Thursday, March 11, 2010

Use Your Best Resources to Engage Citizens – Your Employees

I am up to my ears judging Clearmark Plain Language Award entries, but I just had to raise my head to comment on Andrea DiMaio’s latest blog piece, “How To Love Government 2.0 and Be A Contrarian at the Same Time.” I so agree with him that we can’t just rely on technology to engage citizens in their government. We have to put our money where our mouths are – invest our best resources to make this successful.

And what are our best resources? Or, who? Government employees. Everywhere.

I haven’t heard one single word about using that huge untapped resource – government employees working in “the field.” We have thousands of government employees working in large, medium, and small government offices in every big city and many small towns across this country. They are members of the communities where they live. They have family, friends, and neighbors all around them. If you did nothing more than ask each field office – big or small – to hold one “listening session,” you could take a huge step toward finding out what citizens want, need, and suggest.

Tell your field staff to invite their family and friends, give them an agenda, and trust them to do the right thing. They won't let you down. And citizens will start to believe that their federal government isn’t just a bunch of faceless Washington bureaucrats (sorry – but that is what many think). They will know it’s their neighbors and friends – people they know…people who understand their issues, concerns…and ideas. That’s how to open up government. Bring the government to the people and the people will engage.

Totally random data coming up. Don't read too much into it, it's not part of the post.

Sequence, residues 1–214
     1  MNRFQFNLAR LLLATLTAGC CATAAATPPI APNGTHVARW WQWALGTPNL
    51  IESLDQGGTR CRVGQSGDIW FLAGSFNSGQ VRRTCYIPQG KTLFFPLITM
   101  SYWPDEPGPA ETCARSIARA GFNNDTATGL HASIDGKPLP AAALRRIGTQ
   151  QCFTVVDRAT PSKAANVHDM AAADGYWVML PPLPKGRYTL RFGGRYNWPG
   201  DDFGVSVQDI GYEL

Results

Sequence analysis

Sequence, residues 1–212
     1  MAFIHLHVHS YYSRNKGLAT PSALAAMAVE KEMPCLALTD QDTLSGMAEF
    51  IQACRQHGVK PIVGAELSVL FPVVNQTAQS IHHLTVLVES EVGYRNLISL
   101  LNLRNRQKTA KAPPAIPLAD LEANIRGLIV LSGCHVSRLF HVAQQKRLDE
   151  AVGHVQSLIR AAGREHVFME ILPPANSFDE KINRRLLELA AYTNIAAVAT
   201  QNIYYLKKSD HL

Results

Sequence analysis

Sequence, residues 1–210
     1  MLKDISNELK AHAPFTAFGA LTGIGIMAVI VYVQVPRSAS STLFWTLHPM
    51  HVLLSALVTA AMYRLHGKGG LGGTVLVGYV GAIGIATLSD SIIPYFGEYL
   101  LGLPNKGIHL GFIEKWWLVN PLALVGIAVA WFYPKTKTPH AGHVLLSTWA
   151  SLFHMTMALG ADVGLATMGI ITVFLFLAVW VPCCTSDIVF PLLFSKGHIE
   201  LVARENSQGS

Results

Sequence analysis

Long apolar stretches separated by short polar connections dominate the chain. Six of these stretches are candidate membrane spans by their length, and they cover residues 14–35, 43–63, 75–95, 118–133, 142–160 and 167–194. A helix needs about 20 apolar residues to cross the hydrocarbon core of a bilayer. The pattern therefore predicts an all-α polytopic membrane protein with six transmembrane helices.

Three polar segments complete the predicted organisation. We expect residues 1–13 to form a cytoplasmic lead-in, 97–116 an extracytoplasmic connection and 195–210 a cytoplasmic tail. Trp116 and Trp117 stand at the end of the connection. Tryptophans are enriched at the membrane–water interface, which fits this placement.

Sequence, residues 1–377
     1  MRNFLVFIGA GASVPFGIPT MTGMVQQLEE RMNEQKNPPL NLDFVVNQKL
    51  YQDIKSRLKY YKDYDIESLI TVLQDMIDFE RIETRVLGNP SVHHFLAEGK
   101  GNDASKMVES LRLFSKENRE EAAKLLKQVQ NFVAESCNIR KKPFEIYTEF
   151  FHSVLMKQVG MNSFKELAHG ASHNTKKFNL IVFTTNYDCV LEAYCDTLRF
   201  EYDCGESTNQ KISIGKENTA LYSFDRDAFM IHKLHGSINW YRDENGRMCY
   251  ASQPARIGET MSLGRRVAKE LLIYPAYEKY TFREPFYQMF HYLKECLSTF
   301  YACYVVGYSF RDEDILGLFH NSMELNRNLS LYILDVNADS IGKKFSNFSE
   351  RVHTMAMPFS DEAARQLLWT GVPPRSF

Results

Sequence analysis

Related Post
Participation and Collaboration – Let’s Make It Work


adrielhampton said...

Great post, Candi! Make sure to watch Dustin Haisler of Manor, TX. He has some great ideas about governments leveraging their employee strengths for projects. It could be an incredible way to cut down on contracting waste.

Sarah Bourne said...

Oh Candi, there you go with your crazy talk again!

I think you're spot on, but the culture shift this requires is massive. For federal agencies, or even large state/local agencies, they need to not only be given permission to do this sort of thing, but also be told that they must.

City/town governments are probably going to be the leaders in this area because they already have a closer relationship with their constituents, and already do similar things.